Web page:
Review: Tree of Wonder: The Many Marvelous Lives of a Rainforest Tree

Tree of Wonder: The Many Marvelous Lives of a Rainforest Tree
by Kate Messner
Illustrated by Simona Mulazzani
Published by Chronicle Books (August 11, 2015)
Age 5-8

My Rating: 4 Stars

I recently started listening to a podcast called Let’s Get Busy, hosted by Matthew Winner, a school librarian who interviews kid lit authors and illustrators. Today, I decided to listen to the interview with Kate Messner about her most recent book, Tree of Wonder: The Many Marvelous Lives of a Rainforest TreeShe describes being on a research trip in Costa Rica where the idea for the book first sprouted. Her passion for life-long learning and wonder shine through in the interview, which made picking up a copy of her book a no-brainer for me.

Tree of Wonder: The Many Marvelous Lives of a Rainforest Tree showcases the extraordinary ecosystem of the rainforest by examining the life supported by a single almendro tree. Through non-fiction descriptions of rainforest animals, picture book storytelling and math concepts, the book reveals the interconnectedness of species.

Colorful illustrations by Simona Mulazzani depict the complex life that surrounds and intertwines the tree. Each spread features a factual description of a rainforest creature that depends on the almendro tree, plus a short fictional-style description of the action taking place in the illustration. The most unique feature of the book is the visual representation of the number of animals that doubles each time you turn the page. You see 1 almendro tree housing 2 macaws, 4 toucans, 8 howler monkeys and so on, until the end when there are tiny dots of 1,204 leafcutter ants.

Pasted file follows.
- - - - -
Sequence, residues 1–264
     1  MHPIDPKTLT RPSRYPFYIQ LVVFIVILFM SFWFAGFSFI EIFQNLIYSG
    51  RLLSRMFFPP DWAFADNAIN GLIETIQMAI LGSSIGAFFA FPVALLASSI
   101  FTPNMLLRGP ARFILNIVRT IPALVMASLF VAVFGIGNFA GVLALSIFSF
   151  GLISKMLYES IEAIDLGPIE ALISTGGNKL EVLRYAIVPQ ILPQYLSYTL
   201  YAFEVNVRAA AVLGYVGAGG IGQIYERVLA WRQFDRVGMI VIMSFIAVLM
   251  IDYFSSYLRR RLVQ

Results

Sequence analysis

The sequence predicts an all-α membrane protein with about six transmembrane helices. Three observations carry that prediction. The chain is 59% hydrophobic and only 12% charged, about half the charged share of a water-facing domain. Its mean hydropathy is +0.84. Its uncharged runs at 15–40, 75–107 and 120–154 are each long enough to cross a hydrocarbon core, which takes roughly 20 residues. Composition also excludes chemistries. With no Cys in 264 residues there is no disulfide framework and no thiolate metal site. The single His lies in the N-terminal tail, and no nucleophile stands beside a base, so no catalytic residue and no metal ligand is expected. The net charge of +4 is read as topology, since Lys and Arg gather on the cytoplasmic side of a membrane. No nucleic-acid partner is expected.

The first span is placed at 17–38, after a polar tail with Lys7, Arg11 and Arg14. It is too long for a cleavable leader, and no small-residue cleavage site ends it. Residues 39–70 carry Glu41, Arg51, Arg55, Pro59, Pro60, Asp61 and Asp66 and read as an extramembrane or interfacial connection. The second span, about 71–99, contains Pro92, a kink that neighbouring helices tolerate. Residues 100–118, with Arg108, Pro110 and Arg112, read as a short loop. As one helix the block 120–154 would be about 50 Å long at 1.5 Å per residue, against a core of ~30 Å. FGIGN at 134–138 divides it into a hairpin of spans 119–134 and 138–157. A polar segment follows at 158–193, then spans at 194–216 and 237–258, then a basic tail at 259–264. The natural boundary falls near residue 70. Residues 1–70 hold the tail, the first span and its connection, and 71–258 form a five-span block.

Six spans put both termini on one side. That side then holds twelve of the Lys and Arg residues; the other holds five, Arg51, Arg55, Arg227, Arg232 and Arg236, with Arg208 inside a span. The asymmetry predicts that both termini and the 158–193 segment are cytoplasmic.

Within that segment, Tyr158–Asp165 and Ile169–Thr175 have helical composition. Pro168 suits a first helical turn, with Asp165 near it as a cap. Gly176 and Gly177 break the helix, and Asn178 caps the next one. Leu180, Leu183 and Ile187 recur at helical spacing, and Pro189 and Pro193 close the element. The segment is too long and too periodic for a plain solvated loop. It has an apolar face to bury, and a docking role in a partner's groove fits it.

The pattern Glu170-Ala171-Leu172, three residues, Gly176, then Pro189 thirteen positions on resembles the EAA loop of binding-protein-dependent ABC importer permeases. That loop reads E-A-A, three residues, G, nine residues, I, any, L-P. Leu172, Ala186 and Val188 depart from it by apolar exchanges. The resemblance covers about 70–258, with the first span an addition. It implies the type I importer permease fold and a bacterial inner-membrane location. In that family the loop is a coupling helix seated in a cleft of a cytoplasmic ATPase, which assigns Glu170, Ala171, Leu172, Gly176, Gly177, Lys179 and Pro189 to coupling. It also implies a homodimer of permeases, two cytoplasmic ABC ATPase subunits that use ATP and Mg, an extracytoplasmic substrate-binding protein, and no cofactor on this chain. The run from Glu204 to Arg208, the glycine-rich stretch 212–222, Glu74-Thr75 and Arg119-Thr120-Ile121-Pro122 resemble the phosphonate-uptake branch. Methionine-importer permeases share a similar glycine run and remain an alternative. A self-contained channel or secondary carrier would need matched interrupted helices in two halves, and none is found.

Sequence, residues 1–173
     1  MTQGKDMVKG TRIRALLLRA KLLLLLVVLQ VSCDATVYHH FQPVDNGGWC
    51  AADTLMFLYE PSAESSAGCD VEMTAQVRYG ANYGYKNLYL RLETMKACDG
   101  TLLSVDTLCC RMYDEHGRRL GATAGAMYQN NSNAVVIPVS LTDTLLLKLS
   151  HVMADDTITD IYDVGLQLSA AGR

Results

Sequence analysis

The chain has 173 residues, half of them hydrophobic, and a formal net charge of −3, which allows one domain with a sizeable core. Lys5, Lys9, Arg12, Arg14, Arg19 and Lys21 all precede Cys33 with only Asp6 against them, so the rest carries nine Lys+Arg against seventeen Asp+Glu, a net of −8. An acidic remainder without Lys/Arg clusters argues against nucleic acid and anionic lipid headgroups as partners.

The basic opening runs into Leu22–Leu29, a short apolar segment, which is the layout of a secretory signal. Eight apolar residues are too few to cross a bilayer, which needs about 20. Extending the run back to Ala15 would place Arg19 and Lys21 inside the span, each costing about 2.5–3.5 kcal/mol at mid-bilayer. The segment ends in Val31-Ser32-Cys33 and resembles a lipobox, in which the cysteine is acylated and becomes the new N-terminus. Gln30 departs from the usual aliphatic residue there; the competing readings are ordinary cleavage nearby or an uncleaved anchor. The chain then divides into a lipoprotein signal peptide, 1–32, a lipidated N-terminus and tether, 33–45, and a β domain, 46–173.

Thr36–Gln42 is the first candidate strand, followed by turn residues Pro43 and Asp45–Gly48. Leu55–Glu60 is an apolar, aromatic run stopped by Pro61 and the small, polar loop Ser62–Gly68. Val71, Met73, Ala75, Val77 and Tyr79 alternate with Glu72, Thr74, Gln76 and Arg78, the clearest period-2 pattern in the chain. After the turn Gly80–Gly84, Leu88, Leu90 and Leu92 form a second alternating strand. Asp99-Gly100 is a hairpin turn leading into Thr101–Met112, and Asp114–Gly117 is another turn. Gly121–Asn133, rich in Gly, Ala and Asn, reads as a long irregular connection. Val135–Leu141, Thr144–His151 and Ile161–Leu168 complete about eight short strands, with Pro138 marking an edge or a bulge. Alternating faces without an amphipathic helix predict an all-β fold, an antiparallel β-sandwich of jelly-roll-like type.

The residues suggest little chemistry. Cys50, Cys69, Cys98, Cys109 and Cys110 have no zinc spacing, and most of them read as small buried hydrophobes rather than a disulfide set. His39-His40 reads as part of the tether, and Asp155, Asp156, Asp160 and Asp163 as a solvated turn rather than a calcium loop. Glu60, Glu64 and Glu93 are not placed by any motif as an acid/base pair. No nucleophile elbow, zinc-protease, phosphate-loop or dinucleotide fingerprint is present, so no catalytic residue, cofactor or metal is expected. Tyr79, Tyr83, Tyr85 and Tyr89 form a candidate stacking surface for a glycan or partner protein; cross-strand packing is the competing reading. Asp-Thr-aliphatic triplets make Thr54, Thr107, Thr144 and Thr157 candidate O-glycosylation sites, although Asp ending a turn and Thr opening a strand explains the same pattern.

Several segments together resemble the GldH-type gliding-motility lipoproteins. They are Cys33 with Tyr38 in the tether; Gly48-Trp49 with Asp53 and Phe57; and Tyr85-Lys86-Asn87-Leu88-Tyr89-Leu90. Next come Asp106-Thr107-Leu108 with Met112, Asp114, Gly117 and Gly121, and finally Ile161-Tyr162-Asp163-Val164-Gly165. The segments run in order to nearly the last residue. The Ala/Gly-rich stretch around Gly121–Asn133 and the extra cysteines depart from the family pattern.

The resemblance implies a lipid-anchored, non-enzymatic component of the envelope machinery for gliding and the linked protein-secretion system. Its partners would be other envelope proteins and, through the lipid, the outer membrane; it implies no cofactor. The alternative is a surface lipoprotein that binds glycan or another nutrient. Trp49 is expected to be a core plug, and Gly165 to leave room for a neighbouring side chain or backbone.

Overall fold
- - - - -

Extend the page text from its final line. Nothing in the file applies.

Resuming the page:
There’s a lot of learning that can happen from a book like Tree of Wonder: The Many Marvelous Lives of a Rainforest Tree. It’s a fascinating introduction to ecology, biology and multiplication. The combined styles of writing and the variety of concepts that it covers make it a great choice for classroom libraries. Plus, after the story is told, there are math exercises and resources for getting involved with maintaining the rainforests.

What’s your favorite non-fiction picture book? Let me know in the comments section below.

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